While all the examples above are far more noticeable signs of emotional and mental issues, my symptoms started long before that. For the majority of the 18 years that I lived at home, I suffered from intense migraines. Migraines so awful that the pain would cause vomiting, tantrums, and even acute amnesia. As a small child, there were many times, when stressful situations arose, that I would experience nausea and puke where I stood. My sister seemed to suffer from this same anxiety induced stomach pain. Along with these issues, I experienced more mysterious symptoms, given this was the early 90’s, such as sleepwalking and night terrors.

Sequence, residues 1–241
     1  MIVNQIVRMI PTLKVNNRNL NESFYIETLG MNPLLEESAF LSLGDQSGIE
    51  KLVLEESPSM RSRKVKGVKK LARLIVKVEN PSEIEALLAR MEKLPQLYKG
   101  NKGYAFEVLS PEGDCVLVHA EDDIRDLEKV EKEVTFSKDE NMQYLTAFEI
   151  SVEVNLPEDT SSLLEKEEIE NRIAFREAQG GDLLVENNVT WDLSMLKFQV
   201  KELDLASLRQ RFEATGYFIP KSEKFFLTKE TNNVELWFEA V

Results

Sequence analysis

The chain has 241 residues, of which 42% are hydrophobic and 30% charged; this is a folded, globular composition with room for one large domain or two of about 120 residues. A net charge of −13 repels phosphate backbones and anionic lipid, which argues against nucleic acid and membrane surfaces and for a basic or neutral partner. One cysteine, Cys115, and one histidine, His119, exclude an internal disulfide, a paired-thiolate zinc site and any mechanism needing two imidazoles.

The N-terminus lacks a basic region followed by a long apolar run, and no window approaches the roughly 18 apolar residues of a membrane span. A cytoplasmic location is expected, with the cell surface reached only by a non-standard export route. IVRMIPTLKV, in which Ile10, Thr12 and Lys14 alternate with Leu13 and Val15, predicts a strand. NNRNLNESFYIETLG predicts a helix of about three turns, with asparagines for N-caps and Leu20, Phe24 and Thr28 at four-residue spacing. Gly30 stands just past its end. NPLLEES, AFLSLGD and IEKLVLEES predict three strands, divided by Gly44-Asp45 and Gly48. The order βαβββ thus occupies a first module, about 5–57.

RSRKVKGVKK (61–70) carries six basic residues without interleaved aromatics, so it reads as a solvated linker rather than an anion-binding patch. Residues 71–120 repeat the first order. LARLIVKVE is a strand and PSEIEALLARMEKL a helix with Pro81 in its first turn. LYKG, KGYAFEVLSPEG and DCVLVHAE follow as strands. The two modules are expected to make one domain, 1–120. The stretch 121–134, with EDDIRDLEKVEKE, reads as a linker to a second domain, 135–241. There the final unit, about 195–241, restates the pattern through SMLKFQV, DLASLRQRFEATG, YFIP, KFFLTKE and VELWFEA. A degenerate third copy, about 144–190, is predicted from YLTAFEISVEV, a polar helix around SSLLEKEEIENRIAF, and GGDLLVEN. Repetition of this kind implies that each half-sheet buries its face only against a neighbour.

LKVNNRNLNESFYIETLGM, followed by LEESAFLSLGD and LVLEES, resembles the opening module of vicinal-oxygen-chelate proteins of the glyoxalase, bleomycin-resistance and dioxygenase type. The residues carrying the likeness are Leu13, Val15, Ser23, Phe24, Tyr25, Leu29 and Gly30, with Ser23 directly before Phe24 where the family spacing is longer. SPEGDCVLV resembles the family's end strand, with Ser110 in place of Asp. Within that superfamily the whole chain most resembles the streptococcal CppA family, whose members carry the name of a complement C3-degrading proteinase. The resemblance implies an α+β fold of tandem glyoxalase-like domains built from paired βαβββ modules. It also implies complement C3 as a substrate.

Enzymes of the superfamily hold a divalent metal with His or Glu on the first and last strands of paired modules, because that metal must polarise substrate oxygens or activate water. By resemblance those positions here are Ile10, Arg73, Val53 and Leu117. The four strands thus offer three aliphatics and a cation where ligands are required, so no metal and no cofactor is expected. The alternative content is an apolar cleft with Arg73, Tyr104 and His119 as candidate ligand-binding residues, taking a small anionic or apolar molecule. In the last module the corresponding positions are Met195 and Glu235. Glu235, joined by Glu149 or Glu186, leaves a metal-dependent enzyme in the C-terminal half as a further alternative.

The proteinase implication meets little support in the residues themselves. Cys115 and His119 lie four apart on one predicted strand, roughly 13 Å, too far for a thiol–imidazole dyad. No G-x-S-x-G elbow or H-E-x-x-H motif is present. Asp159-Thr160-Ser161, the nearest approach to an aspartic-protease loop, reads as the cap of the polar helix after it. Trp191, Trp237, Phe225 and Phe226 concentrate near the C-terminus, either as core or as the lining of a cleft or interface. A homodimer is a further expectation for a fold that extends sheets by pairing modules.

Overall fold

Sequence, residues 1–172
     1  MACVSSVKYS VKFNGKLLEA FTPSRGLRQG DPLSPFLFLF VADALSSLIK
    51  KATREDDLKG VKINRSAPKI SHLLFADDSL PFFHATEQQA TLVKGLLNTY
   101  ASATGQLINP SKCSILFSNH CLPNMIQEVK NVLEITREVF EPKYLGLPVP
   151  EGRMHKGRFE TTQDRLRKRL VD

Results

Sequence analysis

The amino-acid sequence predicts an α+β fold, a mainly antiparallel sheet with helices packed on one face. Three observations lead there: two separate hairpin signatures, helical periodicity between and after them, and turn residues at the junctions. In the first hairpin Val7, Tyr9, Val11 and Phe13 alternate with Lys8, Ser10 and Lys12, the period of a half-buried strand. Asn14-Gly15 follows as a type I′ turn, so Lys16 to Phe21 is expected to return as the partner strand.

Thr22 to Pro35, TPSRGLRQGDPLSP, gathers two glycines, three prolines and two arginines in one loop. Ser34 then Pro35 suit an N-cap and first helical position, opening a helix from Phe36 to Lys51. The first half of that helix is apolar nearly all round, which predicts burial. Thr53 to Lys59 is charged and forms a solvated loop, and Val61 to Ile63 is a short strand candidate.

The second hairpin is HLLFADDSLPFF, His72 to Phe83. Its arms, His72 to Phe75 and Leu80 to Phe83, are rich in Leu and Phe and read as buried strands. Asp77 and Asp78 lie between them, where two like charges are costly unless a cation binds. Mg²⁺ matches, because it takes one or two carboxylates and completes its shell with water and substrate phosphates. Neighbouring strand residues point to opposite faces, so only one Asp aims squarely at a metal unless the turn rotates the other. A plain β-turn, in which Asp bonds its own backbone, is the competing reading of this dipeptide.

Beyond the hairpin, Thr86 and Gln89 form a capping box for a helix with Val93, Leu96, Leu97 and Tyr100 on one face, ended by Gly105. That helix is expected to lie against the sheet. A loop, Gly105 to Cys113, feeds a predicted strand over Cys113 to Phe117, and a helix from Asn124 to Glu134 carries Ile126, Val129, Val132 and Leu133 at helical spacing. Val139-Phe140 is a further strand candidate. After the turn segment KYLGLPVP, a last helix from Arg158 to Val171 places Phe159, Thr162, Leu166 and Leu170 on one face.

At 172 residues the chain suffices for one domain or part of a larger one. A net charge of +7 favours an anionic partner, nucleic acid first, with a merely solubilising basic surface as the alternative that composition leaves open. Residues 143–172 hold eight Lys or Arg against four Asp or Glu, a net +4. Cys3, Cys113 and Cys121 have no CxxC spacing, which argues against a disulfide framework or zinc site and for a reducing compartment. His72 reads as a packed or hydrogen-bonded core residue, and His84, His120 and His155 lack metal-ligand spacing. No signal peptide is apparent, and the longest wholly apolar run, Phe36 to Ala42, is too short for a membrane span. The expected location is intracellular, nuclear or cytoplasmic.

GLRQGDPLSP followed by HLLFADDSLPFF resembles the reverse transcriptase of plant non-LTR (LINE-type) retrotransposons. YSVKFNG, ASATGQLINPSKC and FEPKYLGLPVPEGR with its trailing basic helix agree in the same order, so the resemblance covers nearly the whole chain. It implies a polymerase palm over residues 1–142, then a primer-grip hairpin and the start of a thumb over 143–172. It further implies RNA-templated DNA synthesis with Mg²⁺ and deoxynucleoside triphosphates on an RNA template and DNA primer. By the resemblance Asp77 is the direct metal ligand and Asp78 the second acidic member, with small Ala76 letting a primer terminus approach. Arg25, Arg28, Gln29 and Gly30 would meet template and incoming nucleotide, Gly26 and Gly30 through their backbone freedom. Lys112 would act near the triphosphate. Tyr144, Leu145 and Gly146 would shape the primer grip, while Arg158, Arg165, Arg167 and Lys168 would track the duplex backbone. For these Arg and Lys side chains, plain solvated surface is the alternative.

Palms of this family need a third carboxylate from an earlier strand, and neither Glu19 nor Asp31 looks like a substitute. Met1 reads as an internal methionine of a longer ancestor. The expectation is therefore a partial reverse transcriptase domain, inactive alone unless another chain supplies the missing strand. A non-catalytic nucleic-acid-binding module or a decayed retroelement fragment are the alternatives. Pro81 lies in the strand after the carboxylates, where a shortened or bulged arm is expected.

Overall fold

I would not seek or receive any type of consistent help from a mental health professional until was 25 years old. That’s nearly 20 years of untreated mental illness. Mental illness that in those 20 years was able to grow and mutate into self destructive behaviors, internalized self hate, and codependency. Like many cases of untreated mental illness, it took having thoughts of ending my life for me to finally seek help. I remember the feeling in my stomach as I called multiple offices. My fight or flight response. The words, “I need to be seen as soon as possible”, coming out of my mouth. The relief when an office said they had something available the following week. I could make it a week. In a week, things will change. I feel grateful that through all the pain I was experiencing, I still valued my life and had hope that things could get better.